I do not know how many people still exist who performed on the stage of the old Metropolitan Opera House down on 39th Street in midtown New York, but I do know that I am one of them.
In February 1950, at the tender age of 16, I carried a flag in the Triumphal Scene in Aida. The big star was Ljuba Welitsch whose debut as Salome under Fritz Reiner in New York in 1949, which I also witnessed, was the most sensational event at the Metropolitan in the early post-Second World War years.
Ljuba Welitsch as Aida. Photo © Louis Melançon, Metropolitan Opera Archives
Welitsch was also famous for her Salome in Europe and glimpses of it may be seen in the early post-war espionage film The Man Between. Her Metropolitan Salome is also available on underground CDs. Eloquence has released her Decca recordings. She is less well remembered now as she lost her voice in the early 1950s and her career was cut short. Even at the time of her Aida performances, critics were noting weaknesses in her voice that had not been apparent the previous year. The Radamès, Ramon Vinay, and the Amonasro, Robert Merrill, had long international careers and were very well known. The Amneris, Margaret Harshaw, had a respectable Metropolitan career, but was little known outside the United States. The conductor, if I remember correctly, was Giuseppe Antonicelli, then of the Metropolitan’s ‘Italian wing’.
It was well known that the Metropolitan Opera hired supernumeraries in order to fill up the stage in crowd scenes. Many of us from school used to try our luck. All one had to do was to line up about an hour before the performance was due to begin. A Met employee then appeared, counted off the number wanted, took them away into the opera house, handed them appropriate costumes – most of them pretty old and moth-eaten – and ordered them to wait until they were needed. For this they were paid two dollars and, as a bonus, they could hang around backstage after their appearance and watch the rest of the performance.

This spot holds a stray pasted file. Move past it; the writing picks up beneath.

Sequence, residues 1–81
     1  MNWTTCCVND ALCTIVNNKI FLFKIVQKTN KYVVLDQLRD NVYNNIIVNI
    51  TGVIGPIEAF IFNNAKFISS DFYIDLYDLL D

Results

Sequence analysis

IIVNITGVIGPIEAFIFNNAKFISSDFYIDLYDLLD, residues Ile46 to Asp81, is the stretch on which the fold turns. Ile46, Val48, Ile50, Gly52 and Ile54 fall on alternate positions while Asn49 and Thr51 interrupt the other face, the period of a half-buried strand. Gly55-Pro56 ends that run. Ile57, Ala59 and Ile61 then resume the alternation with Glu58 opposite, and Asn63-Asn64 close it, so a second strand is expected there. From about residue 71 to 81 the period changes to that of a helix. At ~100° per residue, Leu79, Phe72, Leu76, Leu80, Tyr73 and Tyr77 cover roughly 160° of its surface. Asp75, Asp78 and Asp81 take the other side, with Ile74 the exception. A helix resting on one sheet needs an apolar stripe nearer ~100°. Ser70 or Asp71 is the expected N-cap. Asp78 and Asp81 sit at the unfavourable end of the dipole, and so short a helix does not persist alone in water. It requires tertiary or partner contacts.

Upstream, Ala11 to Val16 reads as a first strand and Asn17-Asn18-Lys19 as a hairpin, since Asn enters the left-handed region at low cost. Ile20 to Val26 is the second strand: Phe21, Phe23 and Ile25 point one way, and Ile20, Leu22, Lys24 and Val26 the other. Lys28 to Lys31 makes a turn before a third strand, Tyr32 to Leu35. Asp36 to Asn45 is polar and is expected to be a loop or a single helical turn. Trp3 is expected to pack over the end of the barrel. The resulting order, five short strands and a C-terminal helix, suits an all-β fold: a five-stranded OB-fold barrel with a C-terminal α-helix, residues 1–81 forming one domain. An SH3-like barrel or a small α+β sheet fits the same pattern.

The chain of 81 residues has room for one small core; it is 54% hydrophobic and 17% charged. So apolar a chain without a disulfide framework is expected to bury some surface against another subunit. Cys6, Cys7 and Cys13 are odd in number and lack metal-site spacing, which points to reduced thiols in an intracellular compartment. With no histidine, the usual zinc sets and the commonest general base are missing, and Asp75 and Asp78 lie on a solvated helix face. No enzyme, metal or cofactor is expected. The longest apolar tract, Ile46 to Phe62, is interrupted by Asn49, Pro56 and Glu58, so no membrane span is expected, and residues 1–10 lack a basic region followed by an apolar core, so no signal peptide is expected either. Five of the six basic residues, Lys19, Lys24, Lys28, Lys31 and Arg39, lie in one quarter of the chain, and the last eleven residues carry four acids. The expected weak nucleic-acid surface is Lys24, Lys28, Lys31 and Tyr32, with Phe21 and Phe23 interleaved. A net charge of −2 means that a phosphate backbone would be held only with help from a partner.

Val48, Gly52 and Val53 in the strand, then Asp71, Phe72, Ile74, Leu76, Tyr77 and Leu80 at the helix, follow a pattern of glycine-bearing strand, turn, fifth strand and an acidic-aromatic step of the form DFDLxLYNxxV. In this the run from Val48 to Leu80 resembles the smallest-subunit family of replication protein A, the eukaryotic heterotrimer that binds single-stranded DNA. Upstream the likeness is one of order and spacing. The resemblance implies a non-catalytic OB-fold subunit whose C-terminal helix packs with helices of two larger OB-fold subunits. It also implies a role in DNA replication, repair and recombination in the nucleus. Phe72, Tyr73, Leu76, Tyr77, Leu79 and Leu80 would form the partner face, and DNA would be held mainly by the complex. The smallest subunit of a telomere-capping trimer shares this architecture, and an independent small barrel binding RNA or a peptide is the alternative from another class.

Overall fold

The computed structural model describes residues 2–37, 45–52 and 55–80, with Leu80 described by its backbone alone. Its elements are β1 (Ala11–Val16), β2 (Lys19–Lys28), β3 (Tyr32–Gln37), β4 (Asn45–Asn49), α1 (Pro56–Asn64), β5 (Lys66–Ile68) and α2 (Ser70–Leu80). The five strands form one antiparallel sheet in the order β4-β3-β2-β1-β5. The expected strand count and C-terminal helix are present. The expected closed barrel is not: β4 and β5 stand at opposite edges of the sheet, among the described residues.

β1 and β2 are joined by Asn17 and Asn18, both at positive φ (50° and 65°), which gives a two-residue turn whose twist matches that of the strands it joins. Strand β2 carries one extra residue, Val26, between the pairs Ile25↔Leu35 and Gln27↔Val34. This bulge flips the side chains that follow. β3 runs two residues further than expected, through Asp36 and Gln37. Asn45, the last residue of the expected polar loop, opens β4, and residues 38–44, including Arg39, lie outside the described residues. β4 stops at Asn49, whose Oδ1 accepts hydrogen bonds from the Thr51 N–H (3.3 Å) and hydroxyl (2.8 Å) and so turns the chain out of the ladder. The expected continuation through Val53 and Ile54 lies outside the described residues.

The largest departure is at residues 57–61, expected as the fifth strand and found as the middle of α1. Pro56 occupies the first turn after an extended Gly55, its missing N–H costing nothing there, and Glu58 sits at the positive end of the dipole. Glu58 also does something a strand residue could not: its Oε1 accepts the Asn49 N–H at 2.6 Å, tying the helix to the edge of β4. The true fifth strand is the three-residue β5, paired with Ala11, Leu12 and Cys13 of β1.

In those far off days, opera houses adhered very closely to the composer’s original stage directions. There were, therefore, horses in the triumphal scene in Aida and there were accordingly men with dust pans and brooms following behind them to clean up the ensuing mess, if any. The Ethiopian captives seemed to have been hired more for the size of their stomachs than anything else. The horses and their chariots continuously went offstage and then onstage, giving the audience the impression that there were many more of them involved than was the case.
Backstage, it was sometimes difficult to believe one was in an opera house. All sorts of noises and activities took place. It was more like a warehouse or a barn. There was, for example, a light which went on and off to keep the backstage chorus in time with the orchestra as it was impossible to hear either the music or the singing. The horses required continual and scrupulous attention. Onstage, the lights were so bright that it was impossible for us to see the audience. The stars went about their business impervious to all this, although I do remember a snide remark made by Merrill as he came offstage, which suggested he might be jealous of the reception Welitsch was receiving. There was also a large book placed just offstage in the wings in which every performance of Aida that had ever taken place in the theatre was entered, together with its timing.
As this was a Saturday afternoon, the performance was broadcast and recordings of it have appeared on underground labels. Unfortunately, these were the days before television, and so my one performance at the Metropolitan cannot not now be seen. And, of course, I was forbidden to sing a note.
The Metropolitan Opera Live in HD season continues with The Exterminating Angel in Dendy Cinemas on December 9.